Made during and named after the Great Depression, depression glass has an appealing aesthetic that has drawn collectors to buy these beautiful creations. It can be difficult to identify, though, which makes it difficult to tell the authentic depression glass from newer, copycat versions.
Depression glass is characterized by several different factors, such as its glass and see-through body, the intricate designs and unique patterns from the period of time they were created, and lighter colors such as pink, amber, green, and canary yellow.
In this article, we will discuss the tips and tricks of identifying depression glass, how to be wary of copycat depression glass, and other fun facts about depression glass.
Easy Visual Indicators of Depression Glass
If one is merely looking around and wondering if there’s Depression glass somewhere, there are some easy passing-glance indicators of Depression glass.
- Transparent Glass
- Light and bright colors
- Floral and geometric designs
The colors were made to catch a person’s eye and to draw their attention. Depression glassware pieces were made in multiple varieties of colors, with pink, blue, amber, green, and yellow being the most common. There were also some dishes that were clear, and even black. Interestingly, these works of art weren’t just made to be pretty, they were made to be useful!
Depression glassware was commonly used for dinnerware during the time period in which it was created. It was a wonderful development for Americans back then, as they got to purchase beautiful, relatively inexpensive things that would brighten their homes and were necessary to eat what few meals they had.
Other colors that are also a part of the depression glass club but not as popular are the following:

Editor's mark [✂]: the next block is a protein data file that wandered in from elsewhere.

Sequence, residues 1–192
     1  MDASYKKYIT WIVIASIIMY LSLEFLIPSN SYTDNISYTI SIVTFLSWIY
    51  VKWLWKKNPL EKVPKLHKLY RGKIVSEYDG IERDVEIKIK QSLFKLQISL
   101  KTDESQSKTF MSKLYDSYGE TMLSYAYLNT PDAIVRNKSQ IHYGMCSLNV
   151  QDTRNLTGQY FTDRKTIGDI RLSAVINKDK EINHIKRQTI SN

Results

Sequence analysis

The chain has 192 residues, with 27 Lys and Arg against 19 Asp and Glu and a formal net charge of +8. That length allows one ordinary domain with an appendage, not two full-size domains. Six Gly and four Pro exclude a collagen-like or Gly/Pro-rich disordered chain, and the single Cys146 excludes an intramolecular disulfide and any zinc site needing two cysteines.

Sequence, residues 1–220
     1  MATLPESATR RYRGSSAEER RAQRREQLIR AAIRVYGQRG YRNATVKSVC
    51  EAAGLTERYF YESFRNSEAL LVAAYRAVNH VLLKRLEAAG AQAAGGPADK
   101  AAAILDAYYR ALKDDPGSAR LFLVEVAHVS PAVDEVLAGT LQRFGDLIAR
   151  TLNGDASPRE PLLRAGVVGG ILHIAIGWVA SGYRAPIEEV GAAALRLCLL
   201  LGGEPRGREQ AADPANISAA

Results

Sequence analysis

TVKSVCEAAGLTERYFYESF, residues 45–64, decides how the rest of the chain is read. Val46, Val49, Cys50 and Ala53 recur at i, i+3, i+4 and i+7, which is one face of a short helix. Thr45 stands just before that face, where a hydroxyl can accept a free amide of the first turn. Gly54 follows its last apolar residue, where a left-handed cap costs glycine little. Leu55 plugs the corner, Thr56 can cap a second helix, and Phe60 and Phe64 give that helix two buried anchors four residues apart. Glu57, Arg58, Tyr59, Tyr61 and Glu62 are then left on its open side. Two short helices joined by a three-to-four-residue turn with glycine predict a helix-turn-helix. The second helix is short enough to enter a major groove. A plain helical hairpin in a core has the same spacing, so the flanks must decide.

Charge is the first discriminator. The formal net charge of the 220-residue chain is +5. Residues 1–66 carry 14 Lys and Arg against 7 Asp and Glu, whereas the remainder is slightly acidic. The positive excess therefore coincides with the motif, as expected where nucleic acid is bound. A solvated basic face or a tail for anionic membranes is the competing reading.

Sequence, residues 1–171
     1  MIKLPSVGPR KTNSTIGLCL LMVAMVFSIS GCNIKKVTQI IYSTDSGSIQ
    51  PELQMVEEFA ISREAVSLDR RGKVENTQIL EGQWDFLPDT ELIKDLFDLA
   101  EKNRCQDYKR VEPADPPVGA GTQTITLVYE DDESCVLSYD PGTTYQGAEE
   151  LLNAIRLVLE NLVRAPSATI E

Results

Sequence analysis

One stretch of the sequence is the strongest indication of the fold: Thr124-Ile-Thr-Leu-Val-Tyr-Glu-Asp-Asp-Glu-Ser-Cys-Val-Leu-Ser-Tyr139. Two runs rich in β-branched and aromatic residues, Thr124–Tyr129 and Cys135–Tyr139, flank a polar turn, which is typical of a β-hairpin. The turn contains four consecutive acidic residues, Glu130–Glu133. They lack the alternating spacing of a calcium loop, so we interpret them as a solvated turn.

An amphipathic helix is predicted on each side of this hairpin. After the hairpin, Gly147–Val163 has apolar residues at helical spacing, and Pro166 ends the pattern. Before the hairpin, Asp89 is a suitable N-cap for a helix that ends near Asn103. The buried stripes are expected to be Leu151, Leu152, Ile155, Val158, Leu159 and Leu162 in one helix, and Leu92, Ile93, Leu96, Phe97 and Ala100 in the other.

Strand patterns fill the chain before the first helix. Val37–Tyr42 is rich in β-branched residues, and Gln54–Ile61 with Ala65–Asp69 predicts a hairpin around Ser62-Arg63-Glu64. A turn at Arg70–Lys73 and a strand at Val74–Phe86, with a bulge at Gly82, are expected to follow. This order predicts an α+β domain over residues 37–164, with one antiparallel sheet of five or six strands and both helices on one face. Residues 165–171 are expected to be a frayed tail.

At the time of the Great Depression, yellow was a very popular color. Today, reproduction depression glass comes in a variety of colors, so make sure to keep that in mind if searching for authentic depression glass.
The most popular and easy-to-find designs are floral and geometric designs. Like their names suggest, these designs contain flowers, swirls, and even diamond patterns. These are super easy to recognize, but finding these dishes are only half of the search for original depression glass.
The other half of the search is to be certain that the piece you find is an original and not a reproduction.
How to Identify Depression Glass Against Look-Alikes
The best way to find out if the depression glass is actual depression glass or not comes down to one simple rule: search for flaws.
It’s an odd way to find out if it’s authentic or not, and it may sound too simple. However, if you think about it for a second, authentic and original pieces are never perfect, and these flaws are what make the pieces unique. Perfection is never original.
Depression glass is clearly made of glass, and the glass made is fragile. So if one is searching for era-period depression glass, look for scratches. This is one of the most important things a person would want to look for. Depression glass was used commonly in everyday activities, so a lot of depression glass is found in the shape of dishes, such as dinnerware. If it’s a candy jar or a plate you’re seeking, look for scratches.
Another common indicator of real depression glass is the seams of the glass, and the long, thin lines. To find the seams, look for overlapping ridges on the top. Reproductions do not have this feature. When the glass was being dried, the piece would be laid to dry on straw surfaces, which would make small imprints. Look for these, especially on the bottom of the dishes, which is where they will most likely be found.
Thickness is another indicator. Original depression glass was thin and delicate because of the low cost of production. It can be difficult to find an original depression glass piece by using this indicator, even though reproductions are commonly much thicker because the originals varied in thickness (Source).